Madelyn Beck

Reporter, Inside Energy

Phone: 307-766-2928
Email: mbeck@insideenergy.org

Madelyn is from small-town Montana, earning her journalism degree from the University of Montana in Missoula. She worked as a news anchor for Montana Public Radio, reported on the Montana Legislature for the Montana Broadcaster's Association, and reported on cops and crime for KRBD Rainbird Radio in Ketchikan, Alaska. She also has print experience, reporting for the Tioga Tribune in North Dakota, E&E Publishing in Washington, D.C., and the Idaho Mountain Express in Ketchum, Idaho. She enjoys getting outside as much as possible, though is easily distracted by a good book.  

Ways to Connect

Bob Beck / Wyoming Public Radio

West Virginia wants to use federal dollars to subsidize Appalachian coal. Some think that’s picking favorites — not just over natural gas and renewables, but over other coal states. 

Madelyn Beck

When Alpha Natural Resources went into bankruptcy in 2015, it formed a new company called Contura Energy with some of Alpha’s best coal assets - mines in Wyoming and Appalachia.

Earlier this summer, Contura announced it was going to go public, hoping to expand in the U.S. and beyond. Usually, companies go public and sell shares to raise money and grow their business.  

Now, Contura is backing out of that plan.

The company said it’s because of "capital market conditions."

Madelyn Beck

An accident in Colorado brings the total coal mine deaths this year to 11: more than in all of 2016.

Blue Mountain Energy, Inc. released a statement Aug. 3 saying a worker at their Deserado Mine died the night before. 

"The accident occurred above ground inside the coal processing building, as the worker was attempting to remove a portion of a steel beam," it said.

The employee's name had not been released as of August 4. That accident is now under investigation.

Madelyn Beck/Inside Energy

A changing climate may be bad PR for fossil fuels, but it could help their bottom line.

Two major coal companies released earnings reports in late July stating how higher temperatures mean coal stockpiles are being eaten up. Both Arch Coal and Cloud Peak Energy are hoping for a long, hot summer so that trend continues.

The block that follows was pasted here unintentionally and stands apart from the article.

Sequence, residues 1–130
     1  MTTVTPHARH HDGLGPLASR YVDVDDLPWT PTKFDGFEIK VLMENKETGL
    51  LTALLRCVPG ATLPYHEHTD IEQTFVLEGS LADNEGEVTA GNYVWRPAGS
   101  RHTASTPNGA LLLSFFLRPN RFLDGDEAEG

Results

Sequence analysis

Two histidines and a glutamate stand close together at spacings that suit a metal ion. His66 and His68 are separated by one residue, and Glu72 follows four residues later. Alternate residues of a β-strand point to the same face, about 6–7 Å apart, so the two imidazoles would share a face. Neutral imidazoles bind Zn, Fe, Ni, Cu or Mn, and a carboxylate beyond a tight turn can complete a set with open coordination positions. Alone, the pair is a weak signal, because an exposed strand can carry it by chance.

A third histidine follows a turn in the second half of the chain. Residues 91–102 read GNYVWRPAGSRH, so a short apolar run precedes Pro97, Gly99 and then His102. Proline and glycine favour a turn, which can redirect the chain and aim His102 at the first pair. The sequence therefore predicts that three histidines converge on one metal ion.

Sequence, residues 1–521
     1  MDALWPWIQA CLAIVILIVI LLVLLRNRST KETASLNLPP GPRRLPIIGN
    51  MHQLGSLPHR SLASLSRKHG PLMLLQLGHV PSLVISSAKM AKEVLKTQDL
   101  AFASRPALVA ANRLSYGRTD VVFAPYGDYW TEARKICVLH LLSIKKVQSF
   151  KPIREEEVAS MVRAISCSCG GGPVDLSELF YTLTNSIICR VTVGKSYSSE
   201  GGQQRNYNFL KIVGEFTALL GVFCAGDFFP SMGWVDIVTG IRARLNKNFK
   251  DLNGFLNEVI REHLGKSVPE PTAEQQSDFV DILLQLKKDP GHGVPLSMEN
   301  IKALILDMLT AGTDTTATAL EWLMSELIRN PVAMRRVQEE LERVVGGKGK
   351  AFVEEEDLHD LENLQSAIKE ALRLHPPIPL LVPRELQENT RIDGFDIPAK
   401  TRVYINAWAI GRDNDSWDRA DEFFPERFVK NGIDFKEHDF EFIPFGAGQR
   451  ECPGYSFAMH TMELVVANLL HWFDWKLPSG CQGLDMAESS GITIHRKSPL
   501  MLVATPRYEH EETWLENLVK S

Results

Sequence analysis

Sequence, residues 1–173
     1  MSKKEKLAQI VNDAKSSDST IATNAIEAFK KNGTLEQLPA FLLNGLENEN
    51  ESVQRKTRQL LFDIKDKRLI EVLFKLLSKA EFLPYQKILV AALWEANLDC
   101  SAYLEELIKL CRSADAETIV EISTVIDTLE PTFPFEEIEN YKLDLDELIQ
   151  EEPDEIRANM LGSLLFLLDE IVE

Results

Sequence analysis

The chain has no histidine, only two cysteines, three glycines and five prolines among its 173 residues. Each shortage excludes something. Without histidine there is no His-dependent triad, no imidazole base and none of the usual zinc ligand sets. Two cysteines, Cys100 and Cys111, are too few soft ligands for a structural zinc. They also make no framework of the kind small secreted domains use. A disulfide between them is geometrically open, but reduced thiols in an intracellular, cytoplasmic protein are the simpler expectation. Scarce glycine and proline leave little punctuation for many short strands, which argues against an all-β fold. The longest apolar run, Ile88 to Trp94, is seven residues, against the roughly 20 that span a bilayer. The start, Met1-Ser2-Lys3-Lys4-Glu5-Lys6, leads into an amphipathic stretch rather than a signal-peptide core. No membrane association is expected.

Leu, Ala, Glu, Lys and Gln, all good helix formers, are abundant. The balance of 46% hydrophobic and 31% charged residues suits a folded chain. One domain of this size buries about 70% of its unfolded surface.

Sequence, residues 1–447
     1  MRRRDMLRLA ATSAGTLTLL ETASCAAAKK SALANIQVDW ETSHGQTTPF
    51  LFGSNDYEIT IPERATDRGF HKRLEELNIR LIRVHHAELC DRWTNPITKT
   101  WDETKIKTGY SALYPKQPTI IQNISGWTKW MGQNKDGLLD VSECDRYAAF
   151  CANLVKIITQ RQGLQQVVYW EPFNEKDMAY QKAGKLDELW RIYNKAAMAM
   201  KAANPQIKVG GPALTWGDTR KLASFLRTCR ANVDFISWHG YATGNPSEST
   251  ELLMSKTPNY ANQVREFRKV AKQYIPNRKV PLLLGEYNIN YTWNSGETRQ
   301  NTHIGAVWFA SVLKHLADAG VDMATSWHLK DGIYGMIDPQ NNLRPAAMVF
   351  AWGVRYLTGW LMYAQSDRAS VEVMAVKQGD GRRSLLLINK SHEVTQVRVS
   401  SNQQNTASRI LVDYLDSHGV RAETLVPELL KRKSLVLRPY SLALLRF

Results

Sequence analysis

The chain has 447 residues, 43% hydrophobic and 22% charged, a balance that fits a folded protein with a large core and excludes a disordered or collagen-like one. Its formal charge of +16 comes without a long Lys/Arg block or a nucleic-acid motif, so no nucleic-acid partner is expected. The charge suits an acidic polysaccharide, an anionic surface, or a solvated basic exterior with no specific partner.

The High Plains wind farm, near McFadden, Wyoming.
Leigh Paterson

Wind energy projects are being built all over the U.S. and a new report shows just how fast they're cropping up. 

The American Wind Energy Association found that, since last year, the amount of wind energy under construction or nearly under construction increased 40 percent. That increase is enough to power more than 1.6 million homes on average.

Now, not all of the wind energy planned last year has come online this year, but more than half of it has.

Energy Information Administraion

The fracking boom is propelling shale-rich states to the top of the nation’s list of energy suppliers, but a new report shows Wyoming still takes the lead despite a struggling coal industry.

Wyoming has been spreading more energy around the nation than any other state since the 80s. But its supply of energy to other states has been sliding since 2008, mirroring a decline in coal production.

A new report from the Energy Information Administration shows that as Wyoming slides downward, other states have ramped up oil and gas production.

Madelyn Beck/Inside Energy

Millions of gallons of salty wastewater are produced each day wherever there’s oil and gas production. Most states inject wastewater deep underground.  In Wyoming, above-ground wastewater ponds are still used.

They aren’t what people would expect, though — especially the fountains. A little larger and they’d be perfect to put in front of Las Vegas casino, fanning out in all directions.

The fountains aren’t just for looks, though. They help evaporate the water and hold off bacteria, keeping the smell down.

The High Plains wind farm, near McFadden, Wyoming.
Leigh Paterson

The entrance to the community center in Rawlins, Wyoming smells like an old musty, floral perfume. The smell doesn’t match the view: several burly men are lined up to fill out name tags and sign in. Younger men mill around, waiting on their fathers and grandfathers. A few women dot the crowd.

About 100 people have shown up to hear about free training to be a wind turbine technician.

U.S. DEPARTMENT OF INTERIOR

Wyoming legislators killed a proposal June 29 that could have given a tax break to the state’s uranium industry. The vote wasn’t close.

Eleven of 12 present lawmakers voted no to a tax break during a meeting by the Joint Minerals, Business and Economic Development Interim Committee.

The Wyoming Mining Association was hoping to secure a tax break for uranium companies. The industry has been struggling, seeing layoffs and an 85 percent price drop since 2007.

The High Plains wind farm, near McFadden, Wyoming.
Leigh Paterson

One of the world’s largest wind turbine manufacturers is hosting meetings in Wyoming next month to encourage people to join its free wind turbine technician training.

Goldwind is a Chinese company with an interest in expanding U.S. wind operations. It made an agreement late last year to provide and maintain wind turbines for a Viridis Eolia Corp., which is constructing a wind farm near Medicine Bow, Wyo. 

Now, Goldwind hopes to train locals to become wind turbine technicians.

Madelyn Beck/Inside Energy

 

The Gillette Workforce Center had a front row seat for the town’s coal woes.

The office has cream-colored walls, decorated with motivational posters and pictures of coal mines. Vermona Petersen is the manager of the center, which helps people find a new job.

“At the height of the layoffs last year, we were seeing between 250 and 300 people a day,” she said. 

Wyoming coal mines laid off more than 450 workers last March amid financial troubles exacerbated by low natural gas prices and debt.